This post is Part 2 in an ongoing series on Jesus' prayer in Matthew 6 (a.k.a., "The Lord's Prayer"). Read Part 1.
* * *
A few weeks ago, my wife and I hired a company to come to our house and clean the carpets. They did a good job, and when they were done, one of the guys came over to me and said, “You know, if you go onto Facebook and give us a good review, we’ll give you a twenty percent discount” (and of course, I did just that).
Why does a carpet cleaning company care if I write a good review on Facebook?
Because they understand that good reviews on social media websites will generate more business. Every good review contributes to their overall reputation, and in this world of online sharing and opinion giving, a reputation can make or break a small company. Before the Internet, the general understanding was that if you received good (or bad) service from a company, you would tell two friends (and they would tell two friends, and they would tell two friends, etc.). But now, with the click of a button, a person can tell every single other person that they know. A company’s reputation can be made or destroyed over the course of a busy afternoon.
In the ancient world, they didn’t use the word “reputation.” They used the word “name.”
A name was not merely a word you would use to talk about someone; a person’s name was their very essence in the world—it was who they were and how other people perceived them.
There are places in the New Testament where followers of Jesus are talking about their work and travel, and they will say something like, “We do all of these things in the name of Christ Jesus.” They are not merely saying that they throw around the name of Jesus whenever they do something, as if it were a catchphrase. They are saying that they are engaging the world with someone else’s reputation in mind.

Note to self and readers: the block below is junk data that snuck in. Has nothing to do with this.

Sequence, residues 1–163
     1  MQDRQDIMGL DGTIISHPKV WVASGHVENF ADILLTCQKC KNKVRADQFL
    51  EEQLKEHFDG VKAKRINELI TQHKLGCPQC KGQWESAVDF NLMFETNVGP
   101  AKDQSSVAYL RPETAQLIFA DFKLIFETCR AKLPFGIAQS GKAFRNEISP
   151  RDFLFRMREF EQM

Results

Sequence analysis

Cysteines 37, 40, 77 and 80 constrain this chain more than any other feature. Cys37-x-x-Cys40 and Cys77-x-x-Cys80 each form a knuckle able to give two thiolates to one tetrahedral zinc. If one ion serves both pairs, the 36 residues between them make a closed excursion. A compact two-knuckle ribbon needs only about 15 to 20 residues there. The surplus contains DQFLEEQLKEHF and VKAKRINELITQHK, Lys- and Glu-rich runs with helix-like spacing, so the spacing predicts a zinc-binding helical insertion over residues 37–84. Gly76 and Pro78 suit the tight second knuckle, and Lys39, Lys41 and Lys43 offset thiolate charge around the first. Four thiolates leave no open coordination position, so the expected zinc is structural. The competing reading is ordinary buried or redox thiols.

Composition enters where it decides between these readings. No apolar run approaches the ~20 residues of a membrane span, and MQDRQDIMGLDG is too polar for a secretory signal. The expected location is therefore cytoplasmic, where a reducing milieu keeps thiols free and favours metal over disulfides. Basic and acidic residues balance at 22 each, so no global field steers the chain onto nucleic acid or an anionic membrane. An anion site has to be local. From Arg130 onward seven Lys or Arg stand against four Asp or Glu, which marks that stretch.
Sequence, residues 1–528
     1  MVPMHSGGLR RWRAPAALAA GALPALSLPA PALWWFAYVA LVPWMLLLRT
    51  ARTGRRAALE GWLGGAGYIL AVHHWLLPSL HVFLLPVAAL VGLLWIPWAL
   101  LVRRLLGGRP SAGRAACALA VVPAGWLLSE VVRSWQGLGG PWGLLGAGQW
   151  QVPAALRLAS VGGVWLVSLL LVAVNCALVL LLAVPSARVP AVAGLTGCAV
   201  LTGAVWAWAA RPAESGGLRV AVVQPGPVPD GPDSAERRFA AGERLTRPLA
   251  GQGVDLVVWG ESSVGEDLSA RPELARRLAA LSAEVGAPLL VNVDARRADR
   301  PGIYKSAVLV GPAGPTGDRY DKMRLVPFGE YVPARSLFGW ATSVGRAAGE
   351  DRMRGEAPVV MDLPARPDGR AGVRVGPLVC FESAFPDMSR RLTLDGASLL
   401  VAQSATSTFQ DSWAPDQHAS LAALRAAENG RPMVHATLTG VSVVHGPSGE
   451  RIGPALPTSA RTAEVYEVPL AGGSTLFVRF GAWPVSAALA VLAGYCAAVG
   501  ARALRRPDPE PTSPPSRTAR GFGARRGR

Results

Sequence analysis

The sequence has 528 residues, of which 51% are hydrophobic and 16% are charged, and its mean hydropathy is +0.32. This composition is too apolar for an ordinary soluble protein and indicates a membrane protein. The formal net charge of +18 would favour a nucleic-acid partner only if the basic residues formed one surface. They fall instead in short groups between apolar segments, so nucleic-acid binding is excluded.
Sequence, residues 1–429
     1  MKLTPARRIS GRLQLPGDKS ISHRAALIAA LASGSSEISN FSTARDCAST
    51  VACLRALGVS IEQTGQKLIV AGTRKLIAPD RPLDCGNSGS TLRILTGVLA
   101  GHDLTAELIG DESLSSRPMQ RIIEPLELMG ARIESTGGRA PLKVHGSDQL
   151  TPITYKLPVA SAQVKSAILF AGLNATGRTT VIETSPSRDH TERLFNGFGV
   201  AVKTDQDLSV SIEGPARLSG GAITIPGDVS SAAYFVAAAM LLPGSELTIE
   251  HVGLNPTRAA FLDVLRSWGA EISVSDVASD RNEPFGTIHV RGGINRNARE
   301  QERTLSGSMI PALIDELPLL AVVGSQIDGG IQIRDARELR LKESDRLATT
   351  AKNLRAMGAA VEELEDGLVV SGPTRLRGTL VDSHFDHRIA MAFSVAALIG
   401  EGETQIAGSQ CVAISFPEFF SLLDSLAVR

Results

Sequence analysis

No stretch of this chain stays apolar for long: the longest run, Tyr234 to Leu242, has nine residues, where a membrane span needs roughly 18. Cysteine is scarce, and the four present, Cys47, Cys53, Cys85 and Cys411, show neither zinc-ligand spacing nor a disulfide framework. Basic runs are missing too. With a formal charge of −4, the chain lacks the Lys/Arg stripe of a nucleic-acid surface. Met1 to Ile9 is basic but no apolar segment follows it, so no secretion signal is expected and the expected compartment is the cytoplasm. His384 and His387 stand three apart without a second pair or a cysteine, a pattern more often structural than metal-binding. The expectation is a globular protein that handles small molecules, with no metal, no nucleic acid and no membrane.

In this series, we’re looking at Jesus’ prayer in Matthew 6 (The Lord’s Prayer). Jesus begins his prayer by saying, “Our Father in heaven, hallowed be your name.”
“Hallowed be God’s name” was a common Hebrew expression: Kiddush Hashem.
Kiddush Hashem means to interact with other people in such a way that they would love God even if they don’t know God.
Lois Tverberg writes this:
"The rabbis described [Kiddush Hashem] as one of three things: to live a life of integrity; to do some heroic deed, like risking one’s life to save another; or even to be martyred to honor God” (Walking in the Dust of Rabbi Jesus. 87.)
The whole idea is for people to perform good deeds with God’s reputation in mind.
So when Jesus prays “hallowed be your name,” he is praying that God’s reputation would be beloved all over the earth and that the people who know God would be the agents of that sentiment.
Conversely, there were ways that people were known for profaning the name of God. Basically, if you publicly did something evil and associated God with it, you were profaning God’s name.
So if someone has ever told you that God hates someone, they are profaning God’s name.
If someone has ever used the name of God to leverage their position of power to manipulate, control, or abuse other people, they are profaning God’s name.
Jesus begins his prayer by acknowledging how much power humanity has regarding God’s reputation.
Jesus is not saying, “May we say the name of God as often as possible and with as much self-righteousness as we can muster.” Rather, he is saying, “May we live in such a way that will make people see how loving, beautiful, and redemptive this God really is.”
So what do we do?
We think of others when we want to think of ourselves.
We give when we want to take.
We stop trying to control other people and simply allow them to engage their own journeys.
We seek to make the world a better place.
As we perform these acts, we are praying with our bodies, "Kiddush Hashem."